In the last two years, the city has given away a Cultural Pass to children under the age of 21. Up until this point, the pass has been a way to promote community engagement and the arts and to prevent summer learning loss, which disproportionately affects poorer children. Moving forward, pass holders could be given free parking for their families at Waterfront Park.

2) Traffic Control at Witherspoon at the Big Four Bridge
For most special events, there is police traffic control at the intersection of Witherspoon and River Road near the Big Four Bridge — an acknowledgement that this area is too dangerous for people to cross on their own. This intersection needs a permanent traffic control solution — a traffic light or a simple pedestrian crossing signal. Installing a device here would calm traffic and make it safer for people on foot and bike to cross the street — thereby promoting these healthier options and giving people who don’t want to pay the parking fee a safe way to easily access the park.

3) Add Bike Share Stations to Waterfront Park
There are currently no bike share stations in Waterfront Park, even though it’s one of the most popular destinations for users. Adding bike share stations throughout the park, particularly on both sides of the Big Four Bridge, would improve accessibility for people in downtown who don’t have a car. Currently, this may only service tourists, but as urban housing development continues (with the help of Metro’s Affordable Housing Trust Fund), bike share will become a more viable tool for Louisvillians looking to get around day-to-day.

Long-Term
1) Redesign River Road
The Move Louisville plan calls for this as one of its 16 priority projects. The plans suggests ”reconfiguring the existing portions of River Road from end to end to improve safety for motorists and better accommodate pedestrians and bicyclists.” These changes would allow “the street to be safe and provides better access to waterfront amenities including the Big 4 Bridge and Waterfront Park.” Couldn’t have said it better ourselves.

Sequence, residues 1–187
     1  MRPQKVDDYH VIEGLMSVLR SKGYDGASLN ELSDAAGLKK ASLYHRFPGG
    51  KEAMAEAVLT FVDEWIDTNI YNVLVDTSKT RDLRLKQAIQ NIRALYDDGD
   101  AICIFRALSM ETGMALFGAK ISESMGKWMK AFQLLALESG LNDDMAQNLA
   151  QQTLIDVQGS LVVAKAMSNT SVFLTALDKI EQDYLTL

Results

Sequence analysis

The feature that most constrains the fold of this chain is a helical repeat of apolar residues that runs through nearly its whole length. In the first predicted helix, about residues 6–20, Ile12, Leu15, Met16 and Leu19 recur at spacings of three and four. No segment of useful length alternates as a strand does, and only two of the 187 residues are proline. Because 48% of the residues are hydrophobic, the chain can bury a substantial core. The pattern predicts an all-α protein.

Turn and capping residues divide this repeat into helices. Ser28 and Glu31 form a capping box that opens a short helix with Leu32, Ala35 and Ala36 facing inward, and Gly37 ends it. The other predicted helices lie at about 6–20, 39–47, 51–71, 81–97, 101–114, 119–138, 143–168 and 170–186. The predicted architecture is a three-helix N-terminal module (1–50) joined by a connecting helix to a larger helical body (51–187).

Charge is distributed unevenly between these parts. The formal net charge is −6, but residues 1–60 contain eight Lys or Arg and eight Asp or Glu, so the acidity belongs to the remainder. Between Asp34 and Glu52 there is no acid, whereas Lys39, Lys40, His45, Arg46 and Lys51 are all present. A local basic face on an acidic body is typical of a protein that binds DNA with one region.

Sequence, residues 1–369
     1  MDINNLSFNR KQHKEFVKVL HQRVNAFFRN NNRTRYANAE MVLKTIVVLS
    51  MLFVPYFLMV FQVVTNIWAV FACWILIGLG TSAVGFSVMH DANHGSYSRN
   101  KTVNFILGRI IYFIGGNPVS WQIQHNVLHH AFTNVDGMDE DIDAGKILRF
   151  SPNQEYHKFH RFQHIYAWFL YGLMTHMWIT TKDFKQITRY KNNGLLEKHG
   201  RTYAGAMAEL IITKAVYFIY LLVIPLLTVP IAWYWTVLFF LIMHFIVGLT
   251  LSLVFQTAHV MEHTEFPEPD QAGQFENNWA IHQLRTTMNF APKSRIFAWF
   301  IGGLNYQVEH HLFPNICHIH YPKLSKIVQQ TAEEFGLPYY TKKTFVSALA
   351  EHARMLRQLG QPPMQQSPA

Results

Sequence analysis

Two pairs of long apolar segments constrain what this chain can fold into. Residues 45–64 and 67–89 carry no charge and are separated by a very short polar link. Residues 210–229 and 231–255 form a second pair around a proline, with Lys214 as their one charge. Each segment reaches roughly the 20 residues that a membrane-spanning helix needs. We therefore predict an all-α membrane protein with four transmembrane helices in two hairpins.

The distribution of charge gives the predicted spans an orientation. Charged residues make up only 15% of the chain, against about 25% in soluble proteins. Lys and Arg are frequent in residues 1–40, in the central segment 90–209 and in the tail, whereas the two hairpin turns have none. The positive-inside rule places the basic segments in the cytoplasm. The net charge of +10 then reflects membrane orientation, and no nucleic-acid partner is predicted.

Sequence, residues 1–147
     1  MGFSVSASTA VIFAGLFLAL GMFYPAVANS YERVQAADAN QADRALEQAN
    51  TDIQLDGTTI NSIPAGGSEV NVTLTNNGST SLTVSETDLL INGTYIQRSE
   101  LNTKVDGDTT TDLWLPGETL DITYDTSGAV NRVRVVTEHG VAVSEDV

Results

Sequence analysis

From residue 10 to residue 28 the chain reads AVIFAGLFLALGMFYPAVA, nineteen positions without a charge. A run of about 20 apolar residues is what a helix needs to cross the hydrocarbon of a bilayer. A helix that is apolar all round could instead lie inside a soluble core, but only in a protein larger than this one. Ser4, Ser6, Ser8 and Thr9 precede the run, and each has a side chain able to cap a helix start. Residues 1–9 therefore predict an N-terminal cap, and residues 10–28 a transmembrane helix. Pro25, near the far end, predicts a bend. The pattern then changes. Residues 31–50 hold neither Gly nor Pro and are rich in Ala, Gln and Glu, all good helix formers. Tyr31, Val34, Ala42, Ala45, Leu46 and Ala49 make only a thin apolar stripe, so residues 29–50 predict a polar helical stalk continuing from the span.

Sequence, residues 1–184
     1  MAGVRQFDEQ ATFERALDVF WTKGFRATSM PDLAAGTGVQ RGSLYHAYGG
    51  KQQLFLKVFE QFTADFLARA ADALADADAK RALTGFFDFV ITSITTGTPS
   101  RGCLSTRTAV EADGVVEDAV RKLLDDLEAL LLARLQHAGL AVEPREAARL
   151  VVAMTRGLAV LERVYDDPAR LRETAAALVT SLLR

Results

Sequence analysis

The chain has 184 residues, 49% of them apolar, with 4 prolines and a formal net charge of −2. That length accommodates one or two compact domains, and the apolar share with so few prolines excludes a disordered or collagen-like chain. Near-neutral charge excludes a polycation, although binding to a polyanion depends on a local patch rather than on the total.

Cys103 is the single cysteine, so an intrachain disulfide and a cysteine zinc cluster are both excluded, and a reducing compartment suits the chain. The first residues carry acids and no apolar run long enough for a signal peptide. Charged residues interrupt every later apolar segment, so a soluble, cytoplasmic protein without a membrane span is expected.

2) Design Bike Infrastructure for Everyone
As a city, we need to stop designing our bike facilities for experienced cyclists and should instead be designing them for everyone, aged 8 to 80. Riding a bike should be as comfortable and safe as walking down the sidewalk. Cities all across America are investing in these kinds of facilities in their urban areas; Louisville should be too. A two-way protected bike route running east-west through downtown (Jefferson Street? Market Street?) would do wonders for non-automobile accessibility to the park.

3) Improve Other Urban Metro Parks
Finally, the goal shouldn’t simply be to provide people easy access to Waterfront Park; the goal should also be to give them easy access to high quality parks in their neighborhoods. Families love the waterpark at the base of the Big Four Bridge. The city should do more to build water features like this throughout the city — what Metro Parks calls a “modern sprayground.” This map shows the “water parks” throughout the city. The traditional spraygrounds at Boone Park, Tyler Park, and Central Park, among others, should be updated.